At the conclusion of his record, Nephi returned to this same theme, testifying that despite the weakness of his written record, Christ approved his words:
“And I know that the Lord God will consecrate my prayers for the gain of my people. And the words which I have written in weakness will be made strong unto them; for it persuadeth them to do good; it maketh known unto them of their fathers; and it speaketh of Jesus, and persuadeth them to believe in him, and to endure to the end, which is life eternal. . . And if they are not the words of Christ, judge ye—for Christ will show unto you, with power and great glory, that they are his words, at the last day; and you and I shall stand face to face before his bar; and ye shall know that I have been commanded of him to write these things, notwithstanding my weakness.” (2 Ne. 33:4, 11).
Revelatory insights, no matter how inspired, must always pass through weak human vessels. In this process, mistakes are inevitably made, notwithstanding the sacred nature of religious texts. For this reason, in the title page of the Book of Mormon, Moroni explicitly recognized the possibility of error:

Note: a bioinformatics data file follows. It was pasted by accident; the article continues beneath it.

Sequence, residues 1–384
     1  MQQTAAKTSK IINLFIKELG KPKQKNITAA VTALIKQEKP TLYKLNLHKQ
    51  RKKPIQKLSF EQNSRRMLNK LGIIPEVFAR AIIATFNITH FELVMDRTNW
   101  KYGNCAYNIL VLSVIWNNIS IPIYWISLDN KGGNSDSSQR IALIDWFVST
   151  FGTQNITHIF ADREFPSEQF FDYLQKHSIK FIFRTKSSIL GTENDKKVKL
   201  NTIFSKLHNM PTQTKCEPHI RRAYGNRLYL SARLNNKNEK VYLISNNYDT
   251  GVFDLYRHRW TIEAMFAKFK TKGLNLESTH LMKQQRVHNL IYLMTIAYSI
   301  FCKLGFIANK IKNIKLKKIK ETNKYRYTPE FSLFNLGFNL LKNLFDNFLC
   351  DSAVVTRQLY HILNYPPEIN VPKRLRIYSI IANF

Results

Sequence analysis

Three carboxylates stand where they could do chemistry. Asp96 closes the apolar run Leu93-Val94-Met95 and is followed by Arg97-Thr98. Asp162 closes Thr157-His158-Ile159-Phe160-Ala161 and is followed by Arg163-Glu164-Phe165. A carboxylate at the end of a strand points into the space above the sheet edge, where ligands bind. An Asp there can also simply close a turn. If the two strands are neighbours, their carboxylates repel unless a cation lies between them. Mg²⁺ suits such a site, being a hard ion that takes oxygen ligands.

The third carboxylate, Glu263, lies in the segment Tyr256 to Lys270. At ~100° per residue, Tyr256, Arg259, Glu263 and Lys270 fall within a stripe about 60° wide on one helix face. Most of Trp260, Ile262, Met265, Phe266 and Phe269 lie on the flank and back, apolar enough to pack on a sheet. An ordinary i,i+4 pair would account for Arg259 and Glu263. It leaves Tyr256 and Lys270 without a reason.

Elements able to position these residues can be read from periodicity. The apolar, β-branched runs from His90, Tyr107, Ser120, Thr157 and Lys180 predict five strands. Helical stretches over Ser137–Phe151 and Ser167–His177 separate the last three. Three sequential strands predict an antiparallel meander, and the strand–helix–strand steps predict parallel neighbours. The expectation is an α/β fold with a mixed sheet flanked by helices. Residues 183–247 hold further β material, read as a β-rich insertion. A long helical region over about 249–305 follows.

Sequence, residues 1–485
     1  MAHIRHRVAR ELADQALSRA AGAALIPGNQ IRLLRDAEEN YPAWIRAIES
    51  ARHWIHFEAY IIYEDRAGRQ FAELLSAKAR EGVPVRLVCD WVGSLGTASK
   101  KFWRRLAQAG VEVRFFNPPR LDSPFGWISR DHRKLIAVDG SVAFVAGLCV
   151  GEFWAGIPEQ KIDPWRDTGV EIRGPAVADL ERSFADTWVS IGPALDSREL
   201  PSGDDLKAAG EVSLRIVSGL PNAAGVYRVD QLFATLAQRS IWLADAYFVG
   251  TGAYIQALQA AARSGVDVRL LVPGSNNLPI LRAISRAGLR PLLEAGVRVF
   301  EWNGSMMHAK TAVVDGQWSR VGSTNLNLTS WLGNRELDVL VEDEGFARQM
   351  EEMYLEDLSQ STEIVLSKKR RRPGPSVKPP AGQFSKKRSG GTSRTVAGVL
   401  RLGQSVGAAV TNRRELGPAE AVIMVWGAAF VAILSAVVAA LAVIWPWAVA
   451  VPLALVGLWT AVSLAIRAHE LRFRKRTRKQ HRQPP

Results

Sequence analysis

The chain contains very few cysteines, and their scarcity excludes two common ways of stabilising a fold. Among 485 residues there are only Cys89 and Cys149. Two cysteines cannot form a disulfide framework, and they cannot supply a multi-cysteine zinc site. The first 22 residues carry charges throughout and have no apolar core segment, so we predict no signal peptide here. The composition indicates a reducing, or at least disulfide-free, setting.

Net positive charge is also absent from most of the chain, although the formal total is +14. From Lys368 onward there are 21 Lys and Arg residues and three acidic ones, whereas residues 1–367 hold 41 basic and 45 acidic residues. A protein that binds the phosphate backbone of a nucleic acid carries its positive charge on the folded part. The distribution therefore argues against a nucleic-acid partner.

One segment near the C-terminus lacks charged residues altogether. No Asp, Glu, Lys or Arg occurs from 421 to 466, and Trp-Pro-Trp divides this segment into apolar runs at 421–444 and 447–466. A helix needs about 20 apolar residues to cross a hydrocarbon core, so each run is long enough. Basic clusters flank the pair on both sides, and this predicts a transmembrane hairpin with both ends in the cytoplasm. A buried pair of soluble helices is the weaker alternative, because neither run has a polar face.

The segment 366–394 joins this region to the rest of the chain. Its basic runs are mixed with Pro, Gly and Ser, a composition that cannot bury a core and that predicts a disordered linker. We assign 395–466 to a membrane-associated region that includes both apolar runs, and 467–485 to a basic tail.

“And now, if there are faults they are the mistakes of men; wherefore, condemn not the things of God, that ye may be found spotless at the judgment-seat of Christ.”
As Latter-day Saints, we must allow room for such error as we seek to expand our understanding through revelatory and scholarly insights. I can see no reason, therefore, that a Latter-day Saint should ever adopt an anti-intellectual approach to the topic of “historicity” and the Bible. In fact, from my perspective, the Book of Mormon begs us not to.
We must read scripture critically, evaluating questions of historicity with the tools of academic inquiry. And in the process, as we use this material to access divinity, we should learn to separate the wheat from the chaff as part of that religious quest. In fact, according to the Book of Mormon, that may very well be the key to spiritual growth.